For Daegu World Championships, Timing Couldn't Be Better

      August 25, 2011 10:33

      Cutting-edge technology will ensure the most accurate recordings of time and distance in the track and field events at the IAAF World Championships in Daegu from Aug. 27 to Sept. 4.

      The photo finish system, which takes as many as 2,000 pictures per second and costs W120 million (US$1=W1,082) per set-up, will make sure that track stars like Usain Bolt and Asafa Powell of Jamaica do not feel cheated should they cross the finish line neck-and-neck due to its phenomenal level of precision timing.

      Meanwhile, for the first time at a World Championships, a video distance measurement system will be introduced for long jump events. Two cameras set up at each side of the sandpit will capture images of the athlete's landing, with these immediately displayed on a computer screen and the distance measured automatically. At a whopping W1.1 billion, this ranks as the most expensive piece of measuring equipment in the sports world.

      A video distance measurement system

      Starting blocks will also be used to monitor competitors' reaction times at the beginning of the running competitions. The devices have sensors that detect pressure from the athlete's feet and can be used to time their reaction to the starting gun.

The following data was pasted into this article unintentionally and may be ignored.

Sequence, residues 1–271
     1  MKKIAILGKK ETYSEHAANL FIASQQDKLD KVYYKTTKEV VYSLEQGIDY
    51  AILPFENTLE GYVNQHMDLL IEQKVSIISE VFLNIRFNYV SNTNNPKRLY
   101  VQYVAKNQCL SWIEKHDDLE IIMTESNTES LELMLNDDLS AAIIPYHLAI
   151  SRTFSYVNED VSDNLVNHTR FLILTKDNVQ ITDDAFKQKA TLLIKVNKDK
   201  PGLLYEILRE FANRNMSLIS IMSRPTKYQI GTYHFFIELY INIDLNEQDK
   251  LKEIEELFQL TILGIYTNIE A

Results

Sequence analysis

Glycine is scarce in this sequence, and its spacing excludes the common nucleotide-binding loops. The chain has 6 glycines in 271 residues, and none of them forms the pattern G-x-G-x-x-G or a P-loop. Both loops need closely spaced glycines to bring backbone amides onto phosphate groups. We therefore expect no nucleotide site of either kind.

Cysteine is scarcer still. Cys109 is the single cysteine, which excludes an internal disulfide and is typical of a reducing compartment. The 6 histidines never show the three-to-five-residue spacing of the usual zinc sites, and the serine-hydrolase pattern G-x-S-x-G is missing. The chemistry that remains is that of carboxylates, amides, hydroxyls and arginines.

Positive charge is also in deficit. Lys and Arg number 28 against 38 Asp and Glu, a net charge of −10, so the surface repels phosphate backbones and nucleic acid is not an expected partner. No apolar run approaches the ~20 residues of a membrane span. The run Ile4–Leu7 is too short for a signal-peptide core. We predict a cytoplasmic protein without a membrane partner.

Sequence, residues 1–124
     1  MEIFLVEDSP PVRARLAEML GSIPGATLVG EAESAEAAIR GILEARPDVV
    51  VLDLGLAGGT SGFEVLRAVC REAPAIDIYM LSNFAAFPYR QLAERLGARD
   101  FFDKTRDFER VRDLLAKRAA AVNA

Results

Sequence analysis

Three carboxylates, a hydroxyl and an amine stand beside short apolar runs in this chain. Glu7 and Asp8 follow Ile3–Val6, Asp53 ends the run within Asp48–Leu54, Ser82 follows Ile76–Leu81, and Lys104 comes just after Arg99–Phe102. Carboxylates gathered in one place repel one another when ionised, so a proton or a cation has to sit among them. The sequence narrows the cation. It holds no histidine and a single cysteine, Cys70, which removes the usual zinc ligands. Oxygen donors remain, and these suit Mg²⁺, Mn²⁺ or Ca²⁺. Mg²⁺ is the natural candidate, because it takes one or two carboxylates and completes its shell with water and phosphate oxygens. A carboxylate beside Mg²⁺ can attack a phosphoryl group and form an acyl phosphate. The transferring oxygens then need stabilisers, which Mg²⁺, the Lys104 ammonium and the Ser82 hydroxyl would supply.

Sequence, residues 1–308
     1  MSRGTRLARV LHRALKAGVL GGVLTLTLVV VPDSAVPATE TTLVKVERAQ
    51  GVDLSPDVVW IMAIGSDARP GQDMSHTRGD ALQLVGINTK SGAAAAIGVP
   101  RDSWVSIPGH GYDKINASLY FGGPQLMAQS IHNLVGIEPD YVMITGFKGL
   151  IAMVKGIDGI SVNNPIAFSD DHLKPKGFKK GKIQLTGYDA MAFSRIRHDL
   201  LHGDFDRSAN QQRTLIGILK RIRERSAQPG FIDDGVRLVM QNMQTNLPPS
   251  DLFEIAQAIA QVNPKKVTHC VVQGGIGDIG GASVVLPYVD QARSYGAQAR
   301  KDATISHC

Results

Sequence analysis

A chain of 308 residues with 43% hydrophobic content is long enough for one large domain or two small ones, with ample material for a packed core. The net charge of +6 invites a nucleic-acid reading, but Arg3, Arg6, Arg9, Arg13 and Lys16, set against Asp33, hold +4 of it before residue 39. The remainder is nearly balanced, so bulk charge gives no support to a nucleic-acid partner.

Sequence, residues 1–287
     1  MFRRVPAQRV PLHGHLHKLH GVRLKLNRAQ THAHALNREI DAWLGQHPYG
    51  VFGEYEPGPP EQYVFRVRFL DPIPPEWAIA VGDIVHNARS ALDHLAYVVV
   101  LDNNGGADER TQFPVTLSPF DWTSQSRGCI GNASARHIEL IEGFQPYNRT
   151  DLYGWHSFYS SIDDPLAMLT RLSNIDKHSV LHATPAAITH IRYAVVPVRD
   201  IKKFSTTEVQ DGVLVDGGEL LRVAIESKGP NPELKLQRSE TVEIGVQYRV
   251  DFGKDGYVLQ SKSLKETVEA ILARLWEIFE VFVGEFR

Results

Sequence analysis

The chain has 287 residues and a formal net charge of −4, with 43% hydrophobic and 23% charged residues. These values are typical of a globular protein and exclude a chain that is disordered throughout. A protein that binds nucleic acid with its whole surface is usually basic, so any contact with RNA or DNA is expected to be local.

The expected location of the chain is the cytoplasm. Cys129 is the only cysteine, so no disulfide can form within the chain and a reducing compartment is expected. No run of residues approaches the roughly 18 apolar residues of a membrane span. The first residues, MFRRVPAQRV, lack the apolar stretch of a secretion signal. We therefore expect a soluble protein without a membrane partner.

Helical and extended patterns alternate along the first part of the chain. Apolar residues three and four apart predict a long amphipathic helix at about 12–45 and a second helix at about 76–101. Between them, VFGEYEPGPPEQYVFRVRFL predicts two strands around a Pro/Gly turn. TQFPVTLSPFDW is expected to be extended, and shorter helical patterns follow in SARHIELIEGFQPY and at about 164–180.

In theory, it takes 0.08 seconds for the ear to send aural information to the brain, and at least another 0.02 seconds for the muscles to react.  Therefore, athletes who react faster than 0.1 seconds may reasonably be considered to have made a false start.

      Organizers have also agreed to use a transponder system to provide data on records and speed for events like the marathon and race walking, as well as the long-distance runs. This helps identify competitors at any given time by placing transponder chips in the name tags that are clipped to the athlete’s clothing. These communicate with sensors on the track to effectively track the movements of runners and calculate their speeds.

      In the throwing competitions, an optical distance measurement system will be applied to gauge distances by fixing a laser beam on the spot where the hurled object -- be it a discus, shot put or javelin -- lands.

      Fortunately for the organizers of the latest Worlds, they will not have to fork out the W6 billion price tag for all of this state-of-the-art equipment as official sponsor Seiko is providing it free of charge.

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